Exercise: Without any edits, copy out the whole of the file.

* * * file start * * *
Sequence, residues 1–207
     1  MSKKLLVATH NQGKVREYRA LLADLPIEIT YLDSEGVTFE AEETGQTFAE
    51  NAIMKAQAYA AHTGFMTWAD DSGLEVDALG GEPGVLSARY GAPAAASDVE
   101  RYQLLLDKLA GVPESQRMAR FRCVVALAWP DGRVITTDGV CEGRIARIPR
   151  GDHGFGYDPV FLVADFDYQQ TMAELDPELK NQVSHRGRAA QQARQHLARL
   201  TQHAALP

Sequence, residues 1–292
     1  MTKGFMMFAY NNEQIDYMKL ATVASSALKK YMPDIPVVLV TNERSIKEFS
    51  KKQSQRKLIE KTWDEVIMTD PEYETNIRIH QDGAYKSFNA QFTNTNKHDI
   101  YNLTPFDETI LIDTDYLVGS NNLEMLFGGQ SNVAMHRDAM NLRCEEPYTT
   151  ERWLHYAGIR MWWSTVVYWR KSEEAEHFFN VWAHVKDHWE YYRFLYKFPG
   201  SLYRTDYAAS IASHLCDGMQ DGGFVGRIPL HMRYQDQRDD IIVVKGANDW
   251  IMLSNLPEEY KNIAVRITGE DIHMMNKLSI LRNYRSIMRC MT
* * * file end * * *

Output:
Sequence, residues 1–207
     1  MSKKLLVATH NQGKVREYRA LLADLPIEIT YLDSEGVTFE AEETGQTFAE
    51  NAIMKAQAYA AHTGFMTWAD DSGLEVDALG GEPGVLSARY GAPAAASDVE
   101  RYQLLLDKLA GVPESQRMAR FRCVVALAWP DGRVITTDGV CEGRIARIPR
   151  GDHGFGYDPV FLVADFDYQQ TMAELDPELK NQVSHRGRAA QQARQHLARL
   201  TQHAALP

Sequence, residues 1–292
     1  MTKGFMMFAY NNEQIDYMKL ATVASSALKK YMPDIPVVLV TNERSIKEFS
    51  KKQSQRKLIE KTWDEVIMTD PEYETNIRIH QDGAYKSFNA QFTNTNKHDI
   101  YNLTPFDETI LIDTDYLVGS NNLEMLFGGQ SNVAMHRDAM NLRCEEPYTT
   151  ERWLHYAGIR MWWSTVVYWR KSEEAEHFFN VWAHVKDHWE YYRFLYKFPG
   201  SLYRTDYAAS IASHLCDGMQ DGGFVGRIPL HMRYQDQRDD IIVVKGANDW
   251  IMLSNLPEEY KNIAVRITGE DIHMMNKLSI LRNYRSIMRC MT